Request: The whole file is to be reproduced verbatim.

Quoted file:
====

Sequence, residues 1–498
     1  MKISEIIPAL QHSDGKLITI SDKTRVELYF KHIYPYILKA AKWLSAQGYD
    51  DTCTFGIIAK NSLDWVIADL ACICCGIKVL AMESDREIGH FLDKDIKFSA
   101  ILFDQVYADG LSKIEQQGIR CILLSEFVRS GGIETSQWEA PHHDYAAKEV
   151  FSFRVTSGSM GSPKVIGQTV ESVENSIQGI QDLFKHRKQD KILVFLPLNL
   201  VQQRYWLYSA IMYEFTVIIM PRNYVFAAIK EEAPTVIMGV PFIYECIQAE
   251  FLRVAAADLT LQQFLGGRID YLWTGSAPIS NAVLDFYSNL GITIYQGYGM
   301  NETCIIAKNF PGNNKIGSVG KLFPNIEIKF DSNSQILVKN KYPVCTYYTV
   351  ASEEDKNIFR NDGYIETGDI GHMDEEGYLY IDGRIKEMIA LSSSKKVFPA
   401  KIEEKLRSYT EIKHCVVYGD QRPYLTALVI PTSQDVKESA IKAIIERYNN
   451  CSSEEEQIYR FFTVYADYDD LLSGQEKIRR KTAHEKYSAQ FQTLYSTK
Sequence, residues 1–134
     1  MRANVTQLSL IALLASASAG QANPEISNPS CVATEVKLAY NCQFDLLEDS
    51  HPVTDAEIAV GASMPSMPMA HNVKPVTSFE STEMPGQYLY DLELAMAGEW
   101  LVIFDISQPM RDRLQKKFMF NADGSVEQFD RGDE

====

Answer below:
Sequence, residues 1–498
     1  MKISEIIPAL QHSDGKLITI SDKTRVELYF KHIYPYILKA AKWLSAQGYD
    51  DTCTFGIIAK NSLDWVIADL ACICCGIKVL AMESDREIGH FLDKDIKFSA
   101  ILFDQVYADG LSKIEQQGIR CILLSEFVRS GGIETSQWEA PHHDYAAKEV
   151  FSFRVTSGSM GSPKVIGQTV ESVENSIQGI QDLFKHRKQD KILVFLPLNL
   201  VQQRYWLYSA IMYEFTVIIM PRNYVFAAIK EEAPTVIMGV PFIYECIQAE
   251  FLRVAAADLT LQQFLGGRID YLWTGSAPIS NAVLDFYSNL GITIYQGYGM
   301  NETCIIAKNF PGNNKIGSVG KLFPNIEIKF DSNSQILVKN KYPVCTYYTV
   351  ASEEDKNIFR NDGYIETGDI GHMDEEGYLY IDGRIKEMIA LSSSKKVFPA
   401  KIEEKLRSYT EIKHCVVYGD QRPYLTALVI PTSQDVKESA IKAIIERYNN
   451  CSSEEEQIYR FFTVYADYDD LLSGQEKIRR KTAHEKYSAQ FQTLYSTK
Sequence, residues 1–134
     1  MRANVTQLSL IALLASASAG QANPEISNPS CVATEVKLAY NCQFDLLEDS
    51  HPVTDAEIAV GASMPSMPMA HNVKPVTSFE STEMPGQYLY DLELAMAGEW
   101  LVIFDISQPM RDRLQKKFMF NADGSVEQFD RGDE